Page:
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TRACK LIST: 1. A Night at Elseneur 0:51 2. Marcellus’s Ascertaining 0:12 3. The Spectre’s Confidence 5:22 4. The Oath on the Sword 0:31 5. Mantle of Madness 3:54 6. The Comedian's Parade 0:43 7. Theatre of the Dream 6:02 8. The Agony of a King 1:15 9. To Die, to Sleep... 1:02 10. Into the Black Chamber 6:01 11. The Death of Polonius 0:57 12. Shadows of Death 4:26 13. Poem for a Maid 1:02 14. The Conspiracy 5:42 15. Into the Cemetery 2:11 16. A Disguised Corpse 5:17 17. The Great Hall of the Castle 2:19 18. The Duellist 5:25 19. The Last March of a Prince 1:48 LINEUP: Christophe Billon-Laroute - bass Kevin Kazek - vocals Nicolas Pelissier - keyboards, guitars Thomas Das Neves - drums With: Audrey Adornato - vocals Matthieu Morand - guitars Joe Amore - vocals
Prolusion. French band SEYMINHOL have been in existence ever since 1992, and following a few initial EP releases they released their debut album back in 2002. Since then new albums have appeared at a slow but regular pace, totaling in at 4 albums at the time of writing and with a fifth one in the pipeline. "The Wayward Son" is their fourth studio production, and was released in the spring of 2015 through French label Brennus Music.
Analysis. While I guess Seyminhol is a band that can safely be described in a number of different manners, the one box that generally will be most interesting to readers of this website will be progressive metal. Seyminhol ticks of the right boxes for this to be a fitting moniker, in close competition with symphonic metal. Epic metal may also be used here I guess, and to some extent also power metal. Metal it is then, and in this case explored on a concept album where the aim is to retell the story about the famous Danish prince Hamlet. Hence an album with 19 songs, of which roughly half of them are interludes and shorter mood pieces. Those with a less than good experience with albums using such an array of in between song cuts can rest assured that in this case, they are more than mere filler material with spoken words. They are transitions, but well made in their own right, some of them among my favorite cuts of this CD as a matter of fact. Seyminhol's approach to progressive metal is one that incorporates a liberal amount of alterations and changes in both pace, moods and arrangements, primarily alternating between hard, dark and gnarly riff-driven passages, slower and epic, majestic sequences and gentler excursions. Just about always with a symphonic backdrop going on with varying degrees of intensity, from delicate wandering backdrops to majestic, dramatic creations with something of a Wagnerian scope to them. A tad synthetic sounding at times, as I rather guess they are keyboards produced, but effective nonetheless. The lead vocals also tend to have something of a dramatic flair to them. Kazek has what I'd describe as a classic metal vocal style - powerful, bombastic and with a noticeable and ongoing use of vibrato. He does have a softer side to his vocals as well, increasing the dynamic range of the vocals nicely when needed, which is explored nicely throughout. What is missing on this album however, at least in my opinion, are those small details that manage to elevate the material here from being well made examples of these styles of metal into becoming something a bit more compelling. Perhaps a bit too bombastic at times, perhaps a bit lacking in polish and elegance, and for my sake I suspect I'd liked to hear rhythms that were a bit more expressive as well. There's nothing to pinpoint exactly, but for me this one ended up as a pleasantly compelling experience rather than a smashing one.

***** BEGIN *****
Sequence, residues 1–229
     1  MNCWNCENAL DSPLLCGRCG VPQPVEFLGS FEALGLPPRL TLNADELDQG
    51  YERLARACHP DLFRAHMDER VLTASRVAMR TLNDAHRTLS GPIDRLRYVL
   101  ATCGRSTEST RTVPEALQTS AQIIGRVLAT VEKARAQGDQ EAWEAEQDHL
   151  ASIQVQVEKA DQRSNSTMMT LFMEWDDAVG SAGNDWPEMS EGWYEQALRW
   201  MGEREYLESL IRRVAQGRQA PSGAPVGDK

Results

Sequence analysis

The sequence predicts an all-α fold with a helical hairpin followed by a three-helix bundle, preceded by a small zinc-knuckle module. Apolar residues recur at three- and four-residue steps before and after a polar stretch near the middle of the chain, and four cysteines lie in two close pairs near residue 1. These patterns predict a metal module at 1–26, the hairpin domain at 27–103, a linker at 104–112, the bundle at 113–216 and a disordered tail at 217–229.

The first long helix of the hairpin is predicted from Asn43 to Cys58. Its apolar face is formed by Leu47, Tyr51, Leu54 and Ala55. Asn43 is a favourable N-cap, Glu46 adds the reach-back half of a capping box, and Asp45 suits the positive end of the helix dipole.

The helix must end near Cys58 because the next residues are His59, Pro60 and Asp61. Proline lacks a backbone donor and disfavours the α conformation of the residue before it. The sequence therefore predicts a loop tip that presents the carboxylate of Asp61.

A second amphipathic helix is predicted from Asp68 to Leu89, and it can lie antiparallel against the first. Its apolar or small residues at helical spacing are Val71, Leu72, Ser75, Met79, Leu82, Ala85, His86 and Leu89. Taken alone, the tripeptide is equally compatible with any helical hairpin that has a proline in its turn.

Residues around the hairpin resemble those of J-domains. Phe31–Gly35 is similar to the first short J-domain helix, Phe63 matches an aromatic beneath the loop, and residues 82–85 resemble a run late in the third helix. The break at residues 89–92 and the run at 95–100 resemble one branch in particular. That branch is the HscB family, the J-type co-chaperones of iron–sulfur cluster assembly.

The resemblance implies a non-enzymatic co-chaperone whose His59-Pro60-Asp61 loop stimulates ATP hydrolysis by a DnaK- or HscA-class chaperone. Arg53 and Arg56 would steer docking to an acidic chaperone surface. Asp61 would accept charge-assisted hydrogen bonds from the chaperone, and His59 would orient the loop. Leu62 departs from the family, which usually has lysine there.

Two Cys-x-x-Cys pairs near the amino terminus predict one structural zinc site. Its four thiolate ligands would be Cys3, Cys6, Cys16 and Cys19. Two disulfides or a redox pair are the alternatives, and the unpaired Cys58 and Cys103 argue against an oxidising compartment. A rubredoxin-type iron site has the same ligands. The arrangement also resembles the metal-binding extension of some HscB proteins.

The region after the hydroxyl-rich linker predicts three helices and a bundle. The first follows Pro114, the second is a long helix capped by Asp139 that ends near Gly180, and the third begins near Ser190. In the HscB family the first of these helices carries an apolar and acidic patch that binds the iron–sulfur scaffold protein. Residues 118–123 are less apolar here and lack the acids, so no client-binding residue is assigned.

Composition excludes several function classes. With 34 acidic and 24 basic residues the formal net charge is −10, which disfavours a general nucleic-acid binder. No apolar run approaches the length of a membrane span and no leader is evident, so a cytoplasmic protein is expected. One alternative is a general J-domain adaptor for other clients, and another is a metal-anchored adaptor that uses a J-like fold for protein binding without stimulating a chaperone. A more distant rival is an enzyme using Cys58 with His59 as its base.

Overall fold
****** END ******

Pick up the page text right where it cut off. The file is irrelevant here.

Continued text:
Conclusion. Seyminhol's forth album "The Wayward Son" elegantly and effective maneuvers it's way around and combines details from genres such as symphonic metal, power metal and progressive metal to create a wholesome and perhaps a tad bombastic stew. A production that merits a check by those with a strong fascination for bands exploring their metal in this particular manner, and then especially if you also have a soft spot for concept albums.
Progmessor: January 28th, 2018
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